The stage setup was both grandiose and stripped-down. The relatively grandiose part: Jigga was backed by a full band, the Roc Boyz, who boasted a guitarist, bassist, two keyboardists, two drummers/percussionists, a three-piece horn section, and a DJ, Young Guru. Two Jumbotron-style screens hanging on either side of the stage alternated between close-ups and artistic video panoramas of the stage. And behind all of this, there was a backing strip of tall, vertical LED screens by whose arrangement one just knew they would eventually turn into the New York City skyline. (They did, during "Empire State of Mind," of course.)
No backing vocal tracks, no crowds of hype men. Who's the last rapper you've seen live who has neither? And so, with a self-assured swagger, he powered through basically every song every fan would want to hear, even dipping far back as his 1996 debut, Reasonable Doubt, if only for a few lines (from "Ain't No Nigga"). The big guns came out early. "Empire State Of Mind," "Jigga My Nigga," "Jigga What Jigga Who," to name just a few, all got fans throwing up diamonds and chanting every word.
"Empire State of Mind" came somewhat early in the set, too. Despite being utterly played out on commercial radio, live, the song was exciting again, with its almost showtunes-style keyboard lines and chorus. It probably helped for the audience energy level, too, that probably at least half of the South Florida crowd comprised ex-New Yorkers, or at least people who had done time there.
Actually, it's good that these monster hits came early, because by the end of "Empire State of Mind," Hov was starting to sound noticeably hoarse. So with that, after shouting out A-Rod, who apparently was in the audience, he exited and ceded the stage for a while to Young Jeezy, who was billed as an opener but wound up as a sort of sandwiched-in co-headliner.
Jeezy is a commanding presence on record, but he paled as a live performer compared to Jay-Z. His music is definitely grimier and rowdier, and amplified at arena levels it reates a mood of aggressive anticipation, as if anything could pop off. It's exciting, to be sure. But Jeezy largely relied on his own vocal backing tracks, sometimes skipping actually rapping almost every other line. His most hardcore fans, though, seemed happy just to hear his hits at high volume, and they went from more recent fare like "Put On" and "Crazy World," back to earlier songs like "Trap Star."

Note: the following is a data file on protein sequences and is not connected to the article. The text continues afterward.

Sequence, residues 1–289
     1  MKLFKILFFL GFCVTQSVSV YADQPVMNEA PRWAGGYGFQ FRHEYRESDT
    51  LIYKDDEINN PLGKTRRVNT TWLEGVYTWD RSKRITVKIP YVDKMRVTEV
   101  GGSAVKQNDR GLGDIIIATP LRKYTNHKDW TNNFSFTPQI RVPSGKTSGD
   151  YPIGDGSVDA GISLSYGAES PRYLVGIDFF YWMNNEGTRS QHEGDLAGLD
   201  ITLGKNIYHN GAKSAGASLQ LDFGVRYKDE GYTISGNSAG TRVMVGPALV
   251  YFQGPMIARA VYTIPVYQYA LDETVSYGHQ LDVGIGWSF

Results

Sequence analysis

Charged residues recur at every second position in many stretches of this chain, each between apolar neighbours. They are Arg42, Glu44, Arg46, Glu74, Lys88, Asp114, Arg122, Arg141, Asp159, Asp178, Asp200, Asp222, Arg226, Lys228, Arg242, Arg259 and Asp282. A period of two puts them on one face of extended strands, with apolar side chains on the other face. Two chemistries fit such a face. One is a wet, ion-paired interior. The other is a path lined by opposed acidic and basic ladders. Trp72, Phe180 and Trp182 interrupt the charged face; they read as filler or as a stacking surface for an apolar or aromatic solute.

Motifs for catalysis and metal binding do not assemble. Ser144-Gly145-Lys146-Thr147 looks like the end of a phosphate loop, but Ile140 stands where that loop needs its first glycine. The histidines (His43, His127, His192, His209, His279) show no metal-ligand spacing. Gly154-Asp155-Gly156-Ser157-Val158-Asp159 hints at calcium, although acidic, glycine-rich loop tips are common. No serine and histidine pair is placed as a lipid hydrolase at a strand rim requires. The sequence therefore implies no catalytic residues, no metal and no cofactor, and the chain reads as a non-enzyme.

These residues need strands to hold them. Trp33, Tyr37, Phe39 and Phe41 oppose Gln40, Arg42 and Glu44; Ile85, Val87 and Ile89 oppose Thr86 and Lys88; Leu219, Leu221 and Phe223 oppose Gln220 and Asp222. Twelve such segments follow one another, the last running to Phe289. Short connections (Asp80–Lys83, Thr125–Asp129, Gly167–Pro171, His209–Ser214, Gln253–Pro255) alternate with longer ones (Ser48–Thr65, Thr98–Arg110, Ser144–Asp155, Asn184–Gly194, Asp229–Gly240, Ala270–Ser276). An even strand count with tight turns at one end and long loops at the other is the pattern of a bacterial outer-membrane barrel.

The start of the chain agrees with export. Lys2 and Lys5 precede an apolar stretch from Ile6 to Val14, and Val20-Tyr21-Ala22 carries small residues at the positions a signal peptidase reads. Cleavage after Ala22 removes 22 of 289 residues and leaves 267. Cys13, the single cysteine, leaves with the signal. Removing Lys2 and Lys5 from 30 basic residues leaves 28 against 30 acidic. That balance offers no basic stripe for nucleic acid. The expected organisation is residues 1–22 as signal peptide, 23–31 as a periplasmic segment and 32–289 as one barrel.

The man of the evening soon reappeared, though, and after a joint rendition of "My President," it was back to the Jay-Z show. He acknowledged the hoarseness: "My voice is a little messed up, but I still want to go if you all want to go." We did, and after a few more big hits, came the trademark portion of any Jay-Z headlining show: the medley. With more than 20 years in the game, he now has too many crowd favorites to perform them all in full, so with his DJ's help, he sped through fragments of about 11 hits and slightly deeper cuts.
But with the clock reaching 11, it was, although early, time to wrap things up. And that's when the lights went up, and Jay-Z acknowledged the crowd, literally. He shouted out some girls on the floor with a sign asking him to play their graduation party, a guy with a Mos Def shirt, even someone up in the nearby stands. "I appreciate every single person in this building. I tell you, I'm not jaded," he said. "I'm overwhelmed with love, and I hope that I return that in full." He can rest assured that he did.
Personal Bias: I'm a life-long Yankees fan who's happy to have Jay-Z as the team's new patron saint. I guess from now on, they'll play "Empire State of Mind" after Sinatra at the end of every home game?
It's super random that someone sitting near me would wind up in our photos of the crowd outside the arena, but this guy on the right
had a really good brush-your-shoulders-off dance.
By the Way: Young Jeezy has reportedly been working on a new album with Akon; its release date is still to be decided.
-"Run This Town"
-verse from Kanye West's "Diamonds"
-"On to the Next One"
-"DOA (Death of AutoTune)"
-"U Don't Know"
-"Show Me What You Got"
-"I Just Wanna Love You (Give It To Me)"
-verse from Snoop Dogg's "I Wanna Rock (remix)"
-"Jigga My Nigga"
-"Jigga What Jigga Who"
-PSA Interlude from The Black Album
-"Heart of the City (Ain't No Love)"
-"Empire State of Mind"
Jay-Z and Young Jeezy:
-"Real As It Gets"
-"Get Ya Mind Right"
-"Bottom of the Map"
-verse from Shawty Lo's "Dey Know"
-"I'm Going In"
-"I Luv It"
-verse from Rihanna's "Hard"
-verse from song with Akon, "Soul Survivor"
Young Jeezy With Jay-Z:
-"Dirt Off Your Shoulder"
-verse from "Swagger Like Us"
-"Excuse Me Miss"
-"Venus Vs. Mars"
-"Bonnie and Clyde"
-"Ain't No Nigga"
-verse from Mya's "Best of Me"
-verse from Jermaine Dupri's "Money Ain't a Thang"
-"Where I'm From"
-verse from Kanye West's "Hate"
-"Can I Get A..."
-"Hard Knock Life (Ghetto Anthem)"